PUT À DAY
Ukraine urges its allies to finally give it “fire parity” with Russian forces to “stabilize” the situation in the Donbass after the withdrawal of its troops from Severodonetsk, a strategic lock in this region , pounded for weeks by Russian artillery.
“I stressed the need to achieve fire parity with the enemy, which will allow us to stabilize the situation in the most threatened region of Lugansk,” said Commander-in-Chief of the Armed Forces of Ukraine Valeriy Zaluzhnyi , reporting on his Facebook page on a telephone conversation with his American counterpart, General Mark Milley.
Ukraine continues to demand more heavy weapons from its allies to counter the power of Russian strikes, particularly in the Donbass, an industrial region in the east of the country, already partially under the control of pro-Russian separatists since 2014, and which Moscow has sworn to completely conquer.
“It no longer makes sense to stay in positions that have been constantly bombarded for months”, and while the city has been “almost reduced to ruins” by the continual bombardments, thus recognized Friday morning on Telegram Serguiï Gaïdaï, the governor of Luhansk, where Severodonetsk is located.
“All essential infrastructure has been destroyed. 90% of the city is damaged, 80% of the houses will have to be destroyed”, according to him.
These massive bombardments eventually made the Ukrainian soldiers give in, but without necessarily fundamentally changing the situation on the ground, according to experts.
“The Ukrainian units are exhausted, bloodless. They had terrible losses with completely neutralized battalions”, explains a high-ranking French officer on condition of anonymity, evoking units of 300 or 400 men of which only about twenty valid ones remained.
But for all that, “the overall vision – a slow war of entrenched positions – has hardly changed”, assures AFP Ivan Klyszcz, researcher at the Estonian University of Tartu. “The withdrawal was probably planned before and can be seen as tactical,” he says, noting that Ukrainian resistance allowed kyiv to consolidate its rear.
The Ukrainian forces “are in the process of operating a professional and tactical withdrawal in order to consolidate positions that they will be better able to defend”, also judged an American official at the Pentagon, on condition of anonymity.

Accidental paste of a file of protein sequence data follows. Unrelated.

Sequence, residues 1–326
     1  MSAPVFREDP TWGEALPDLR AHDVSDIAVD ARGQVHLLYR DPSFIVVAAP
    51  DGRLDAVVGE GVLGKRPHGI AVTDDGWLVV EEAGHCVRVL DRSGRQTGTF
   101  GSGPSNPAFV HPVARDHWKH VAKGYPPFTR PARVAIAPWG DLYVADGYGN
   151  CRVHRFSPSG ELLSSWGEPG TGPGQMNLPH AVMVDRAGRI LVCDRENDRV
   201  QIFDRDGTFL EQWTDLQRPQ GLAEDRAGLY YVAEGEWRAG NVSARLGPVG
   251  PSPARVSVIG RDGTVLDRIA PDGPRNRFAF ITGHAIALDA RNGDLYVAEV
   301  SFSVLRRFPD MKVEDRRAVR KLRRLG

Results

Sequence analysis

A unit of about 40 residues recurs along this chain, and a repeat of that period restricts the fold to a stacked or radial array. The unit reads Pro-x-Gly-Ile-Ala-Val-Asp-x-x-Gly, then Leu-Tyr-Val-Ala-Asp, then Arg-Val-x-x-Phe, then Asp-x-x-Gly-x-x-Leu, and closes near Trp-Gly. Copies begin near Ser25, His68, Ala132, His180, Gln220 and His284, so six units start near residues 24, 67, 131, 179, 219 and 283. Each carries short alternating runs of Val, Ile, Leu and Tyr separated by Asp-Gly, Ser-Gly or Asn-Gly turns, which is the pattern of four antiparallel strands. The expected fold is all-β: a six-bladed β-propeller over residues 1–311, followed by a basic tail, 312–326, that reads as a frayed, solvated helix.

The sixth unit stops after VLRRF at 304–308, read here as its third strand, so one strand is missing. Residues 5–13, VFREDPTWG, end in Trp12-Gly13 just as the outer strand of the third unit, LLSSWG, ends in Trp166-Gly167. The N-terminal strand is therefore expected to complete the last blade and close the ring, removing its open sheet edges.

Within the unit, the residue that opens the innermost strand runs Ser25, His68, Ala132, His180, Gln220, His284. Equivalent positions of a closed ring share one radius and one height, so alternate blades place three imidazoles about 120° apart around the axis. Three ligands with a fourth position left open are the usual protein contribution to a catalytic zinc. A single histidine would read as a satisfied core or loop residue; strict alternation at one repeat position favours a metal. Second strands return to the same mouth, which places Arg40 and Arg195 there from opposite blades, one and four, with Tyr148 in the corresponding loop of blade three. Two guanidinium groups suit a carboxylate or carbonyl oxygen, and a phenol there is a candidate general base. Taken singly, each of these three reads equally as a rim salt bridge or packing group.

kyiv is now expecting new offensives on the city of Lyssytchansk, neighboring Severodonetsk, almost surrounded by Russian forces, which are eating away at a little more territory every day.
Mykolaivka, a town about 20 kilometers southwest of Lysytchansk, is in the hands of the Russian army, said Mr. Gaïdaï, adding that the Russians were now trying to “conquer Girské”, a neighboring town.
At the entrance to Lyssytchansk, partly deprived of water, gas and electricity, soldiers were digging trenches. Further south, Pavlo Kyrylenko, the governor of the Donetsk region, the other province of Donbass, told AFP on Thursday that “no city” in the area was “safe”, the fighting there being too much. violent.
In Kramatorsk, a town behind the front, a soldier identifying himself by his first name, Volodymyr, posted in front of the military hospital, testified to the large number of wounded brought from the front for weeks.
“The guys I see here are very patriotic, I wouldn't call them cannon fodder. They are equipped with everything you need, but it's the weapons that are missing, damn it,” he said again, in unison with the Ukrainian general staff.
On Thursday, kyiv announced the arrival of the first four US Himars rocket launchers, powerful weapons eagerly awaited on the ground. “The summer will be hot for the Russian occupiers,” the Ukrainian government has already predicted.
The American army had however warned, by announcing the dispatch of these heavy weapons at the beginning of June, that she first wanted the Ukrainian soldiers to master this precision artillery before sending them more.
Military experts point out that the range of the Himars is slightly greater than that of similar Russian systems, which would allow Ukrainian forces to strike enemy artillery out of reach.
In recent weeks, the Ukrainian forces have returned to the offensive in the south in an attempt to retake territories lost since the February 24 invasion. And attacks targeting occupation officials, several of whom were injured, have multiplied in parallel in the Kherson region and the neighboring Zaporizhia region.
Russia has also intensified its offensive for several days on the large city of Kharkiv, in the northeast, where explosions were heard overnight from Friday to Saturday.
Thursday in Brussels, the 27 countries of the European Union had endorsed Ukraine's candidacy, a highly symbolic step after four months of Russian invasion.
Ukrainian President Volodymyr Zelensky again welcomed this on Friday. “Let us rejoice at least a little. Modestly and quietly, silently, but let us rejoice,” he said in his daily evening video message.
On the diplomatic front, Germany on Friday accused Russia of taking “the whole world hostage” by using hunger “as a weapon of war”, on the occasion of a conference in Berlin aimed at finding “solutions” to the food crisis caused by the war in Ukraine.
And from Sunday, in Germany, the G7 will meet for a summit to discuss, among other things, support for Ukraine, before another summit, that of NATO, for two days from Tuesday in Madrid.